Assyrian Harpist , beating time with his foot
".. put two such pipes into the mouth, and you get the double Egyptian and Assyrian pipe, such as may be still seen sculptured on their monuments. In the holes or apertures of some of these pipes, which have
been discovered in the tombs and other places, small straws have been found, plainly intended to act the part of reeds in our modern oboes and clarionets. "
[A drawing taken from a bas relief of the royal
Assyrian lion hunt]
Stone is very rare in Chaldea, and could be brought only at great expense from a distance. Hence all the buildings of earlier ages were built of bricks. o we read of the Tower of Babel, that "they had bricks for stone."
The outsides of the buildings were covered with burnt or kiln-dried bricks to keep out the rain. More elaborate specimens of their pottery appear in articles for domestic uses, and especially in their coffins.
Assyrian Warrior (temp. Sargon II)
It was out of those two main weaknesses of all priesthoods, namely, the incapacity for efficient military leadership and their inevitable jealousy of all other religious cults, that the power of secular kingship arose. The foreign enemy either prevailed and set up a king over the people, or the priesthoods who would not give way to each other set up a common fighting captain, who retained more or less power in peace time. This secular king developed a group of officials about him and began, in relation to military organization, to take a share in the priestly administration of the people’s affairs. So, growing out of priestcraft and beside the priest, the king, the protagonist of the priest,appears upon the stage of human history, and a very large amount of the subsequent experiences of mankind is only to be understood as an elaboration, complication, and distortion of the struggle, unconscious or deliberate, between these two systems of human control, the temple and the palace. And it was in the original centres of civilization that this antagonism was most completely developed.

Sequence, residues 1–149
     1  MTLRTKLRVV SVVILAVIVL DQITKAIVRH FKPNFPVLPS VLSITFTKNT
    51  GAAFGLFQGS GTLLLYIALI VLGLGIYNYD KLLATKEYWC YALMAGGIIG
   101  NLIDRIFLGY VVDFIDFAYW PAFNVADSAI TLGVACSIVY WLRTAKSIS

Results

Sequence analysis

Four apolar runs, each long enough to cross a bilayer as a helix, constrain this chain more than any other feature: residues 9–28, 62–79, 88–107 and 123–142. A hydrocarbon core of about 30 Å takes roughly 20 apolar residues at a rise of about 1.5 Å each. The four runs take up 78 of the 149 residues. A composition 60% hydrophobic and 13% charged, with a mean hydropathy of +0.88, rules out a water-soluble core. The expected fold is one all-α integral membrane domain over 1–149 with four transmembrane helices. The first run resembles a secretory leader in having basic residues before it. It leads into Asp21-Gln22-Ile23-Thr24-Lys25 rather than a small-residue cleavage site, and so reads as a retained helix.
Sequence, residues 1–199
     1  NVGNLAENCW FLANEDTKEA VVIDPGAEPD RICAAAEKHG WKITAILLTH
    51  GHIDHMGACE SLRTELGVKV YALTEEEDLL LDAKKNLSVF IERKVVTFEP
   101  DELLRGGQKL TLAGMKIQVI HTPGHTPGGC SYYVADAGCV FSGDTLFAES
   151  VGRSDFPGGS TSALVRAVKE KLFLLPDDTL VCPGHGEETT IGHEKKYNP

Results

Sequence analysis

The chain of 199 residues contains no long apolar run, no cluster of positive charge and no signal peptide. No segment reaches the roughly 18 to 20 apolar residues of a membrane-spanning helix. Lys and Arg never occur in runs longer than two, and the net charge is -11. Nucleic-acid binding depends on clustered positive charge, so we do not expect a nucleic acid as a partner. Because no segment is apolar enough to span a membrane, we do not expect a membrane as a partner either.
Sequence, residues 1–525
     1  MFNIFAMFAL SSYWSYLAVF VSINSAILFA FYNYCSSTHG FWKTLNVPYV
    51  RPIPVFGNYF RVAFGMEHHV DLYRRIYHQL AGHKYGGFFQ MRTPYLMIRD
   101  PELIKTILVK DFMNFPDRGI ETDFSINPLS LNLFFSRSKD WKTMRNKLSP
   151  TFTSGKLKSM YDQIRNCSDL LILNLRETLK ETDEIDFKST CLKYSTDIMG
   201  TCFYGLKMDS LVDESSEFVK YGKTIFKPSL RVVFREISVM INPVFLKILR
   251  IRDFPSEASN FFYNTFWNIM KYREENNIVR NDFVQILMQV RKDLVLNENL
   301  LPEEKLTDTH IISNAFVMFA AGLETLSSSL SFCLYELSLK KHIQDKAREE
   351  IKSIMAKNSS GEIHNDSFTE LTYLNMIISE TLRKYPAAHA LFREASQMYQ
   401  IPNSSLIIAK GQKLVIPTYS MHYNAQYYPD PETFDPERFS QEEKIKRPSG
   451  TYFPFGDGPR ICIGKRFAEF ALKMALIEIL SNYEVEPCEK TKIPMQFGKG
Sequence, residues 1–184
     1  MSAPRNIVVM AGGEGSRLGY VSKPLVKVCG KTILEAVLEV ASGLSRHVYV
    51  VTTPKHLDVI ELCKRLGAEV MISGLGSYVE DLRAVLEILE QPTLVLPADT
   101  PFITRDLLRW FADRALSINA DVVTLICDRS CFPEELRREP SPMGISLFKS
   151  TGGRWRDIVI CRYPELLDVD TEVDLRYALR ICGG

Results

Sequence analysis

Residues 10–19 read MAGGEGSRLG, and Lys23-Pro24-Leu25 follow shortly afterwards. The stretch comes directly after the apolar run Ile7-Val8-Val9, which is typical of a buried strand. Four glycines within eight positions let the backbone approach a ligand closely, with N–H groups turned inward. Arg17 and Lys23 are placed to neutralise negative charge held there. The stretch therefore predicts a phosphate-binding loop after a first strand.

This type of dress, which in the British Museum is described as worn by “a Mythological Figure in attendance upon King Assur-nasir-pal”, ninth century B.C., might be dated about 1000 B.C., as following the usual custom of the ancients who dressed their sacred figures in the costume of some previous generation as a rule
King Assur-nasir-pal (ninth century B.C.)
This man, in hunting dress dates from ninth century B.C
This woman, a captive of Sennacherib who reigned in eighth and seventh centuries B.C., wears a long tunic
Queen of Assur-nasir-pal
Beards were curled and probably dyed and powdered, the powder, however, being gold. As a matter of fact, gold was employed in various ways as an enrichment to the hair.